The rise will be equivalent to that recorded in the last century, and is expected to be greater on the Gulf Coast, where an increase of 14 to 18 inches is expected, followed by 10 to 14 inches in the eastern zone, the institution explained in a report.
Over the next 30 years, “moderate” floods will be 10 times more frequent and severe than the current ones, and will lead to real damage rather than nuisance.
According to NOAA’s projection, these will occur an average of up to four times a year in 2050, while minor ones will occur much less frequently.
Based on current greenhouse gas emissions, the Administration describes as “increasingly likely” that sea levels along the coast will rise by up to two feet by the end of this century.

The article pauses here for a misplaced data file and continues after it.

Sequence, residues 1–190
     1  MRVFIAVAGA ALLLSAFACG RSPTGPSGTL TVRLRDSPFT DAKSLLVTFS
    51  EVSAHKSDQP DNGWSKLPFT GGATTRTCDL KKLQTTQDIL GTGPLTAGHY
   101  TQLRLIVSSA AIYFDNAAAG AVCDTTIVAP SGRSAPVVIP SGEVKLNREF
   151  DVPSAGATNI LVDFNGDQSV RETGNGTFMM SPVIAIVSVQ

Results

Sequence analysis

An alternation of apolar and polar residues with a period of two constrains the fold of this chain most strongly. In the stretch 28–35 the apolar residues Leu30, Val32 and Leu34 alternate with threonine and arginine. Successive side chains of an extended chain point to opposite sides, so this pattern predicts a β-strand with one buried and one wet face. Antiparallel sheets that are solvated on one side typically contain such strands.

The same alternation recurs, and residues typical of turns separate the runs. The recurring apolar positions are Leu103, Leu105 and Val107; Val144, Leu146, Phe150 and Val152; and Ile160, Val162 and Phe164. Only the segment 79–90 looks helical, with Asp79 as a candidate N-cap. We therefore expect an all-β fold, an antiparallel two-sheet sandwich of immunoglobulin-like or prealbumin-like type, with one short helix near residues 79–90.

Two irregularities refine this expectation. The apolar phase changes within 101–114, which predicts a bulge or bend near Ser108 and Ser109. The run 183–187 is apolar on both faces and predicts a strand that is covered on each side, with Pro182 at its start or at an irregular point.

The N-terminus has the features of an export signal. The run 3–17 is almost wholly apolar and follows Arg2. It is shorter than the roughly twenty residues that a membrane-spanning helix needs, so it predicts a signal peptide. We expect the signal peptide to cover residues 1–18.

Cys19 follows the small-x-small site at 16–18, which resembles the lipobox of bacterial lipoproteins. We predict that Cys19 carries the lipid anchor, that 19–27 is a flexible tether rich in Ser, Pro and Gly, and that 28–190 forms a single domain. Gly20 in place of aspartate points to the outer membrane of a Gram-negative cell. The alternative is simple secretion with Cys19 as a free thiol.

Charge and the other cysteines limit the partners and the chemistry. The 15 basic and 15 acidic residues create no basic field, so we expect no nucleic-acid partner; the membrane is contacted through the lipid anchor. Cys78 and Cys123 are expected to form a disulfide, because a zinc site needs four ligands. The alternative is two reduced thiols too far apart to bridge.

“Inaction on emissions could mean an additional five feet of sea level rise,” according to the report.
If the rise in temperature remains within the target of two degrees established by the Paris Climate Agreement, the probability that the sea level will rise more than 60 centimeters by the year 2,100 is 50 percent.
However, if between three and five degrees are reached, coastal penetrations could be up to one meter, according to the Administration.
The new data reconfirms that our climate crisis is flashing “code red,” White House climate adviser Gina McCarthy warned in a statement.
We must redouble our efforts to reduce the greenhouse gases that cause global warming while helping our coastal communities become more resilient, she concluded.